Giardia In Dogs
There are many parasites capable of harming and hurting dogs, and Giardia is one of them. It is a nasty parasite capable of harming your dog, so if you are a dog owner who worries about their dog, make sure you take necessary precautions. If you think your dog might have Giardia, you should contact your vet and ask for advice and treatment options.
It is natural that you are worried about your dog’s health, every good owner should be, so hopefully, we can help you get to know what Giardia is or how dangerous it can be.
What is Giardia?
Giardia is a single-celled parasite that inhibits a dog’s small intestine, where it grows and multiplies. There are different types of this parasite and each “specializes” in a specific species. Some Giardia types attack dogs, other cats, amphibians, birds, and even humans.
This is a nasty parasite that has a similar lifecycle no matter what species they infect. Their lifecycle can be divided into two stages, called the trophozoite stage and the cyst stage.
The trophozoite stage
The trophozoite stage is when the parasite lives freely in the intestine of an infected species. It doesn’t matter to the parasite if you are a human or a dog; this stage is the same. As it matures, it starts multiplying every 9 - 12 hours. To begin the second stage, the parasite transits towards the colon, where excystation happens.
The cyst stage
The cyst stage is where the parasite forms cysts. Cysts are then passed in the feces where the dog, or any other species, releases it in the environment. Cysts are very resilient and can survive in harsh environments for months. That is how the infection happens when an unknowing host ingests Giardia cysts from polluted objects in their environment.
How exactly can my dog get infected with Giardia?
Like with most parasites, the infection happens when your dog puts in their mouth, something that was contaminated with infected fecal matter. Dogs love to chew on everything, and things like grass, toys, or bowls can easily contain Giardia cysts if they haven’t been cleaned correctly and were in contact with an infected dog’s feces.
It might sound complicated, but imagine going to the park for a walk with your dog. All dogs eat grass, and your dog decides to gnaw on a few pieces of grass that an infected dog contaminated. Even sniffing uncleaned areas or sharing toys with infected dogs can cause an infection.
We even asked for advice from the veterinary consultant for doglab.com, Dr. Sara Ochoa, DVM, who told us, “Dogs usually get Giardia from drinking infected water or grass that has been infected with another pet’s feces. Common signs that are seen in dogs with Giardia infections are diarrhea and weight loss.”
How dangerous is Giardia?
Luckily, Giardia is rarely fatal, and finding it in adult dogs with no symptoms is often considered transient (only for a short time). However, puppies are in danger of this parasite if their symptoms are left untreated. One of the symptoms is watery diarrhea, so if you notice your puppy is having stomach problems, you should probably call your vet.
This parasite is responsible for a disease called giardiasis, and to make sure your puppy doesn’t have it, here are the things you need to keep an eye on.
The trickiest thing about Giardia is that sometimes it causes no symptoms, especially in adult, otherwise healthy dogs. If you combine that with an owner that doesn’t like to pick up after their dog, it is a widespread just waiting to happen. If you think your dog or puppy has giardiasis, these are the symptoms you should keep an eye on:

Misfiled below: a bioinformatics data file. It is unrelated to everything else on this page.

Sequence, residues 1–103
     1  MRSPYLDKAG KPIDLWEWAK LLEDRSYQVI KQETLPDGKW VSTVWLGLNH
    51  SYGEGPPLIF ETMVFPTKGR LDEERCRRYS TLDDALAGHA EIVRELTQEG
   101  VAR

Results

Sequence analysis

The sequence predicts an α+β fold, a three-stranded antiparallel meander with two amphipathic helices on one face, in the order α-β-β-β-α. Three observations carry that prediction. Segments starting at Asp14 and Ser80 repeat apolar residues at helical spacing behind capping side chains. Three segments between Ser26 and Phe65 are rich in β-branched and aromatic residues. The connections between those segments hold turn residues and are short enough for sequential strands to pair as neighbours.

Again, keep in mind that adult dogs can show no symptoms, so it is vital that you have regular vet check-ups, and you make sure your dog is in perfect health.
If the vet diagnosed your dog with giardiasis, the next step would be to determine the best treatment options. The prognosis is often pretty good, and the treatment usually lasts between five and ten days.
The best thing you can do for your dog is to change their diet to highly absorbent food because this parasite lowers your dog’s ability to absorb nutrients and causes them to lose weight. The two most common medications your vet will prescribe are fenbendazole and metronidazole for dogs. If your dog is suffering from diarrhea that doesn’t respond to treatment, your vet might even prescribe these two drugs in combination.
What is the prognosis?
Adult dogs are pretty safe because their strong immune system and physical health are enough to withstand this nasty parasite’s attack. Puppies, adult dogs, and dogs with a bad immune system are at risk, and they should be monitored closely through the course of treatment.
Dr. Ochoa weighed in, “Most pets that have giardiasis have a great prognosis and usually recover with proper treatment. This medication can take a few weeks until it clears up.”
Can giardiasis be prevented?
Unfortunately, there aren’t any vaccinations developed to stop a Giardia infection, and the best form of prevention is proper hygiene. Keep an eye on your dog and limit their interaction with areas you think might be contaminated with this parasite. If you notice dogs with diarrhea, don’t let your dog play with them, and don’t visit the place where those dogs went to the toilet.
The good thing is that dog-to-human transmission is very unlikely, but dog-to-dog is, and you should take proper precautions if one of your dogs is infected with giardiasis. Talk to your vet and ask for advice, and they will most likely tell you that you ensure a source of fresh drinking water for your dogs, that you clean up after them immediately, and properly get rid of the infected feces.
Wash your hands after handling the infected feces and dogs, give them a regular bath, so you get rid of all Giardia cysts on their coat, and be diligent with the medication. You can limit the exposure your dog gets to places visited by many dogs and disinfect the areas around your house or apartment.
World Dog Finder team